One of the legends of rugby league has been awarded the Medal of the Order of Australia.
In his prime, Glenn Lazarus was widely considered to be the best prop in the world. He became known - and perhaps feared - as "the Brick with Eyes".
He now becomes the Brick with Eyes OAM.
The Queanbeyan native made his first grade debut in 1987 for Canberra and went on to have a decorated 13-year career.
Two years after that debut, he was a stalwart of the Raiders' inaugural iconic premiership triumph. He played in two more grand finals for Canberra, winning in 1990 and losing in 1991.
His arrival in Brisbane in 1992 helped the Broncos to their first premiership, too. One the Queensland club defended in 1993 with Lazarus leading the way.
Five consecutive grand finals yielded four premierships.
Few players hang up their boots when they're at the top of their game, but he did. In 1999, Lazarus bowed out after a fifth premiership with his third club, Melbourne Storm. No other player in the game's history has won premierships with three different clubs.
He was a classic front-row forward, in an unglamorous position but making an impact. When he was knocking men down, his team tended to win.
Lazarus was a big part of NSW's dominance at Origin level, playing 19 games for the Blues. His 21 Tests for Australia included iconic series comebacks in the 1990 and 1994 Kangaroo tours of the UK.
His famous nickname was bestowed on him by Aussie larrikins Roy and HG during their State of Origin commentary. Lazarus himself grew to embrace the moniker.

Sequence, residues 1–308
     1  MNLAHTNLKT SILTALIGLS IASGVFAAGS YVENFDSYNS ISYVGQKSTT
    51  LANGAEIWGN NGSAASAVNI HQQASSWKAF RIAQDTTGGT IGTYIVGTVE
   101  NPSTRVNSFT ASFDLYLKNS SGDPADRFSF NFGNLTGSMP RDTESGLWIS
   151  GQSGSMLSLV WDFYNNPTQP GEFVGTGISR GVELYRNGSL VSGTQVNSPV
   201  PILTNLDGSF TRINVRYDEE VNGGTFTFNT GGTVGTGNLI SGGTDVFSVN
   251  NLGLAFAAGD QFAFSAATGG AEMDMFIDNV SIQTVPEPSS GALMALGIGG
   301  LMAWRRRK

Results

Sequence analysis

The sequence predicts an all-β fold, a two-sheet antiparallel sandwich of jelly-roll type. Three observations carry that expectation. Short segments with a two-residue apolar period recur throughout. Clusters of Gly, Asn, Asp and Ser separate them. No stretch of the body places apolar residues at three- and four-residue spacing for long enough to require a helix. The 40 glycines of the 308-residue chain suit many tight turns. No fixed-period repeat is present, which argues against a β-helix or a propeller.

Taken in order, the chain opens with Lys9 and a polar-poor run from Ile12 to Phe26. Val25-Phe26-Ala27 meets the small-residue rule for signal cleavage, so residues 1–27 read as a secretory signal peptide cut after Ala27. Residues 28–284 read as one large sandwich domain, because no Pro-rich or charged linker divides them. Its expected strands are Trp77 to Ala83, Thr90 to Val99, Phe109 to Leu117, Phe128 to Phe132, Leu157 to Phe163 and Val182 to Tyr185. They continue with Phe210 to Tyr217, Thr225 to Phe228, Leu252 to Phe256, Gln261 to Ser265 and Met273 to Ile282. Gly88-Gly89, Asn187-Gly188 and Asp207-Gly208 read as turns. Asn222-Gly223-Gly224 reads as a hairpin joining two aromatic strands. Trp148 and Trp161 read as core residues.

"I didn't [mind being called it], as long as it was the Brick with Eyes and not the other word that starts with 'P'," he laughed.
"I always said you could be called a lot worse. I got a bit of endorsement from a company called New Brick and they built my house."
After his playing career, he teamed up with the Palmer United Party as one of its senators in Queensland. Or as one paper put it: "The bone-crusher rugby league international nicknamed 'the Brick with Eyes', Glenn Lazarus, will head billionaire Clive Palmer's bid to tackle the Senate."
He felt passionately that climate change was a serious matter and was credited with shifting the PUP on the issue.
As the ABC reported in 2014: "According to Ben Oquist, a former chief of staff to Bob Brown and strategy director at the Australia Institute, Senator Lazarus played a key role in determining PUP's climate change policy.
"He helped take the Palmer United Party to the centre on climate change, leaving Abbott on the fringe.
"Glenn is a mainstream bloke and wanted mainstream views on climate change to prevail."
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